The Future of Financial Planning

The Future of Financial Planning

What a special time it is in our industry! With the Department of Labor implementation in full swing, and the emergence of the Fin Tech revolution, many of the individuals I’m interviewing are wondering if starting a career in financial planning now is kind of like starting a Blockbuster franchise right when Netflix was getting its start. There’s no doubt that our industry will change in the upcoming years, but as with anything in life, with change comes opportunity. Here are three reasons why I believe now is the perfect time to pursue a career in financial planning.

 

1. New Technologies Mean New Opportunities

When I started as a financial planner in 2005, I only sought clients within a few hours of my office. Farther away, and increased travel time would make it impossible to provide the level of service I always commit to. Fast forward to today, and high-quality video conferencing makes it possible to have clients across the nation. We can expect other new developments, including Fin Tech, to change the industry in perhaps radical ways, but ultimately to provide new opportunities for those willing to adapt. It sounds like a cliché, but new, young advisers (who aren’t set in their ways, yet) may be best positioned to take advantage of these opportunities.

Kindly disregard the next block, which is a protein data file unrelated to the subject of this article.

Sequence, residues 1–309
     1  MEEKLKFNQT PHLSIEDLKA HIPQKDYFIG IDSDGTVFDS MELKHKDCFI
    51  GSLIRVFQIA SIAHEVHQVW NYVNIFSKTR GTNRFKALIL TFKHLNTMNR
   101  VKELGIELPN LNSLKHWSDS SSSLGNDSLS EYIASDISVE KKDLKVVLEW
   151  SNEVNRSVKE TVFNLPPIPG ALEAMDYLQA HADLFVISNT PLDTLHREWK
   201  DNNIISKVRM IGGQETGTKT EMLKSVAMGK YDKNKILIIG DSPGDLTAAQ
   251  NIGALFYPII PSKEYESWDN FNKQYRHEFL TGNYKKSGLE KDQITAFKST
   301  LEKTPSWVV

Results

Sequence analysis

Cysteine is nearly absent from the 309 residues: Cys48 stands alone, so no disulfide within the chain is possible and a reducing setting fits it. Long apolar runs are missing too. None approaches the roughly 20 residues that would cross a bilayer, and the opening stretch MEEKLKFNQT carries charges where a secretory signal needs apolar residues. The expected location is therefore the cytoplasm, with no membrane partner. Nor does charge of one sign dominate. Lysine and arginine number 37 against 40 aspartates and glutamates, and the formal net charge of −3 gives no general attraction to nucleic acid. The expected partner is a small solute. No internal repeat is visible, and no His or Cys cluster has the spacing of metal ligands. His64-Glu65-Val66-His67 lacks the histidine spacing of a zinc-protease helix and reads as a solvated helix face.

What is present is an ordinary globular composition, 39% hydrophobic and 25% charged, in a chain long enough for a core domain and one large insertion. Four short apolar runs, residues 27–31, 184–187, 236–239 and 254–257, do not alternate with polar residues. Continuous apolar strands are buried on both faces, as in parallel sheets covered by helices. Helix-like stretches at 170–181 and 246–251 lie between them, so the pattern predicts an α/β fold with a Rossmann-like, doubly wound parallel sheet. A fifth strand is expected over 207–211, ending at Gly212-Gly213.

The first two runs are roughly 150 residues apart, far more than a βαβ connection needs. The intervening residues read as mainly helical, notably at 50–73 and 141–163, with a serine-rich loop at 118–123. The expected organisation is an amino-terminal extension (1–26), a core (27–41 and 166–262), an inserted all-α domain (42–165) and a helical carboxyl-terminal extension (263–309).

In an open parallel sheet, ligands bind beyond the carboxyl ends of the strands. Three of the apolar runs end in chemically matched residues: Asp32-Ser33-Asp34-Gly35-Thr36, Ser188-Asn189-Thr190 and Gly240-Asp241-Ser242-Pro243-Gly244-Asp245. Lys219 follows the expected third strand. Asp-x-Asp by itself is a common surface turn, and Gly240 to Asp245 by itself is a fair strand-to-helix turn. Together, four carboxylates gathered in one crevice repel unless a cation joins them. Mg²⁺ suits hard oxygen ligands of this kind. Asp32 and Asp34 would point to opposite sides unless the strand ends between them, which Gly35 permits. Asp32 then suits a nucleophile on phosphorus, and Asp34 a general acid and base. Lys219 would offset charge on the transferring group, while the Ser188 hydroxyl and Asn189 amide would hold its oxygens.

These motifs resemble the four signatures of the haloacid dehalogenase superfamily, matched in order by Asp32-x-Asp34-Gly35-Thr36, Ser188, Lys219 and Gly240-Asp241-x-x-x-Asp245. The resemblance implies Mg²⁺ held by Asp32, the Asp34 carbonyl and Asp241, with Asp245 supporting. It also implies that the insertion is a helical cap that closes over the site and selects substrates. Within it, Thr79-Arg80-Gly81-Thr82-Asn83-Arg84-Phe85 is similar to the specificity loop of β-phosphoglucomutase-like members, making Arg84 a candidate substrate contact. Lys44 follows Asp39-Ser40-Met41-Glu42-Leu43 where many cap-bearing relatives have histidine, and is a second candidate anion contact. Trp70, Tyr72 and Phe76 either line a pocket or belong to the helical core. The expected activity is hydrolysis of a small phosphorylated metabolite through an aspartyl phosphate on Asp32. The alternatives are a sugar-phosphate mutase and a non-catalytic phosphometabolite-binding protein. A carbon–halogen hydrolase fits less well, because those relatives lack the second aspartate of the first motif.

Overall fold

2. The Field Is Aging

The average age of a financial planner today is 51*. That means that over the next decade, we will experience a tremendous changing of the guard within our industry. As advisers retire, there will be many clients who need to hire new advisers and will look for young, but already established, professionals. If you enter the field today, in five or ten years, that young-but-established professional will be you. You can also expect unprecedented opportunities to work with retiring planners as a successor planner.

 

3. Tech Can’t Sell; Humans Can

The products and services implemented in financial planning are sold, not bought, and that means financial advisers will always be necessary. Our industry is not like, say dentistry, where customers take the initiative to seek out services. Financial planning is important, but, unlike a toothache, it’s always possible to put off dealing with it for another day. To overcome the human tendency to procrastinate, our industry needs human advisers to go out and make the case that the time to deal with ones financial situation is now. That’s not something Fin Tech can do. Dentistry doesn’t have to be sold, it’s just bought, but financial planning will always require humans who can guide people along. That human can be you.

So, yes, this is a special time. Our industry is facing a lot of changes, and that is definitely intimidating some people. But ultimately, I see ours as a time of great opportunity. If you want to get on board with us, do not be discouraged. On the contrary, your timing couldn’t be more perfect.

 

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*Cited from “Addressing the Shortage of Millennial Financial Advisors” by ThinkAdvisor; 03/28/2017

By | 2017-08-10T06:52:13+00:00 August 7th, 2017|